Author: Steven Millhauser

2011, Knopf

Filed Under: Literary, Short Stories.

It’s been a few years now since Millhauser’s excellent Dangerous Laughter came out, so I was definitely eager to get my hands on this book and read some new stories by one of my favorite authors. We Others only contains 7 new stories, but this was hardly a let down. The new material is substantive and the 14 selected stories form a very fine compilation of stories I was happy to read again. Both new readers and his fans alike should be satisfied.

Millhauser often builds scenarios in commonplace settings, but somehow manages to give them the aura of a fairytale world (without the fairies). He is a fabulist, and for many of his stories his trick is to impose our real world, or some bastardization of it, upon that skewed reality.

Sometimes, stories like “The Invasion from Outer Space”–in which a yellow space dust made of single-celled organisms blankets the earth but doesn’t seem to cause any harm–pull this off through the first person plural, a tough voice to write in successfully. Through this lens readers can take in the oddity of the broad world before them and compare it with their own. Millhauser doesn’t need to set the stage in these stories, because the stage is his story. “The Next Thing” has a singular narrator but accomplishes a similar type of storytelling. It begins as a Wal-Mart-like megastore, evolves into underground habitations, then an entire corporatized town, and eventually an authoritarian government of a sort.

Of course, not every piece is structured like this. But the setting is always carefully and cleverly created through his sharp, selective imagery: a broken escalator collecting dust in “The Next Thing,” a bowl of malted milk-balls in “We Others.” Millhauser’s one of my favorites for many reasons*, but most of all, because he’s a wizard with words. Unlike some of his plots, his descriptions are rarely large in scope. Instead they tend to focus on a few select things placed precisely around his scenes. The result is imagery as potent as any writer can muster, at once lush and sparse. He renders his worlds in sepia hues, and like an old photograph or a memory of a far-away place, some things are in sharp focus, while the faded background exudes feeling more than detail:

Ancient wallpaper showed faded scenes of some kind repeating themselves all over the room. Albert, who seemed more and more excited, led me up the creaking worn-edged stairs to my room–a bed with a frilly pink spread, a lamp table on which lay a screwdriver with a transparent yellow handle–and quickly back down.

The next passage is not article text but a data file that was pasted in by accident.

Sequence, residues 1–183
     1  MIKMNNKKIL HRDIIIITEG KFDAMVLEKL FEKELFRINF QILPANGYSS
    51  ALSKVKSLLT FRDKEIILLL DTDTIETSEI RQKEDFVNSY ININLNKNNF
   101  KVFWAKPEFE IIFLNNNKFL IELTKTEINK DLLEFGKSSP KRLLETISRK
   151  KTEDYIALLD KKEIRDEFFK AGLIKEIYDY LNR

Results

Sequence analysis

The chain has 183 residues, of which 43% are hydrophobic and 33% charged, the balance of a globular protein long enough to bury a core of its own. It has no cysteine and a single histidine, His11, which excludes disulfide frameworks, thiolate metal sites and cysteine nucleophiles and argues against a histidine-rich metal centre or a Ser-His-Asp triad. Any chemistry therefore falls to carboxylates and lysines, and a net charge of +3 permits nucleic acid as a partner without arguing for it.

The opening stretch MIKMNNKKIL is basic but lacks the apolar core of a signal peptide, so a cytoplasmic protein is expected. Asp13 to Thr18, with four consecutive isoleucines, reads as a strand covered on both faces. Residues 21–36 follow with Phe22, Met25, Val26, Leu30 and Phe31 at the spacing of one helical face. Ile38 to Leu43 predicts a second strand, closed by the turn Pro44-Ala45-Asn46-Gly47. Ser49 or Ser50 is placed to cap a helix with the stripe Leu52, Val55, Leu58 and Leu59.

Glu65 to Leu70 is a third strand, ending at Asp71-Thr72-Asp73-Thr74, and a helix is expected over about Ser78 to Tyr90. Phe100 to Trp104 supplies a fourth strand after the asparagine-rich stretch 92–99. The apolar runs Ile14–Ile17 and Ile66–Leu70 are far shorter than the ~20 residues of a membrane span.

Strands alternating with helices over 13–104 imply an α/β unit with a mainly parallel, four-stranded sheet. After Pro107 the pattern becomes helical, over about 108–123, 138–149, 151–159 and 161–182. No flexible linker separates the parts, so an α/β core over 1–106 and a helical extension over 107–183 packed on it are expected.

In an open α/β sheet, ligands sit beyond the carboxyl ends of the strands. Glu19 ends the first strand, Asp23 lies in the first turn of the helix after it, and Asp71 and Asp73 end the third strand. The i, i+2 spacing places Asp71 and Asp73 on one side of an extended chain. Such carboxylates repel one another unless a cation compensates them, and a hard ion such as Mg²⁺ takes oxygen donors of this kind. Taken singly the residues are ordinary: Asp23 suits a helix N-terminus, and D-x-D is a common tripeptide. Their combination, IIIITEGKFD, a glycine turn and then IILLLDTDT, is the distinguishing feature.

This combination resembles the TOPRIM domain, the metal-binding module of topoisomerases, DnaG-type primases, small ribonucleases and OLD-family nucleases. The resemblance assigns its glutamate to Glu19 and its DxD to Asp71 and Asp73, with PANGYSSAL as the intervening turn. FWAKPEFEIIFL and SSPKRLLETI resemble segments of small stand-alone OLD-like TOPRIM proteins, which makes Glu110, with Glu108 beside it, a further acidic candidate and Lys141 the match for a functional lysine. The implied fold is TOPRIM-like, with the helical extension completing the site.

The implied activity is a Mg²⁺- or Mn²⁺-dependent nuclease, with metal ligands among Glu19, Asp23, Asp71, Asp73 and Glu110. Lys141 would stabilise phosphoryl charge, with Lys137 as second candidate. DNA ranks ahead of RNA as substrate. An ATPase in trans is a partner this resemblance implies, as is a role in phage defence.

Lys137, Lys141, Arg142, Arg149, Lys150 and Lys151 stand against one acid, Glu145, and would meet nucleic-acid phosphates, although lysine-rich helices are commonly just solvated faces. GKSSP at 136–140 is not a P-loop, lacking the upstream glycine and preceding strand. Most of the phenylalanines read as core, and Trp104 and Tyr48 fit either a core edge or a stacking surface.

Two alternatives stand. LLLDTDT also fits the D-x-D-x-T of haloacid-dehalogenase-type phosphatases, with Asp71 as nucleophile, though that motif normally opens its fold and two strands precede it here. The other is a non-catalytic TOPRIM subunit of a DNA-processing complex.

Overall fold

This comes from my favorite Millhauser story–indeed one of my favorite short stories by any author–titled “A Visit,” and included in this collection. That relatively short description of Albert’s tour of his house tells you more about Albert than pages of exposition and backstory could. This is the tale of a man who travels to the New England woods to visit his former college roommate (Albert) and meet his wife. Albert’s wife, it turns out, is a two-foot bullfrog named Alice. Alice doesn’t talk, or wear clothes, or do anything a normal bullfrog wouldn’t do. Still, their grotesque relationship affects the befuddled visitor, touches him.

The strongest of the seven new stories, “Tales of Darkness and the Unknown, Vol. XIV: The White Glove,” reads a bit like Henry James writing the kind of pulp horror the title implies. A teen boy’s closest friend begins wearing a white glove on her left hand, covering something that clearly makes her itch, and reduces mobility. But she won’t talk about it, or remove the glove to reveal her ailment. He becomes increasingly preoccupied with the glove, beset with a desire to undress her hand:

The glove sat there, exposing its two buttons. They were looking at me. They were daring me, with little white smiles, to get on it with. And an anger came over me–at the grinning white buttons, and the smug little white glove, and the fat white moon, and the careless house, which entrusted itself to the night, and at innocent Emily, lying there too peacefully, though with a slight look of strain between her eyebrows, and at the sky, and the stars, and the rushing-apart universe, and the vain fool who stood in the dark bedroom like a killer with an upraised knife–like a strangler with a cord in his hands–like a boy lost in a forest.

The story is a wonderful exploration of obsession, and pairs very nicely with another of the new works. “Getting Closer” is a short, bittersweet depiction of the clash between sentimentality and emotional maturity. It concerns a young boy headed to the river with his family for a summer day full of swimming and picnicking. He pauses to contemplate the happy day before him, and finds himself paralyzed with a dread of shattering the halcyon moment; by taking in the day, he realizes like Adam eating fruit in Eden, the day will be gone forever, and, one can infer, his innocence with it.

Of the previously published stories in this collection, Millhauser says in his author’s note that he “chose stories that seized my attention as if they’d been written by someone whose work I’d never seen before.” I like that. But he still managed to collect here a pretty representative exhibit of his excellent work in short stories. If you’ve never read Millhauser before, this new collection is the perfect place to start.

Similar Reads: The Knife Thrower and Other Stories (Millhauser), Like You’d Understand, Anyway (Shepard), Museum of the Weird (Gray).

[A review copy was provided. *Disclaimer, Stephen Millhauser was one of my college professors so I’m admittedly a little biased.]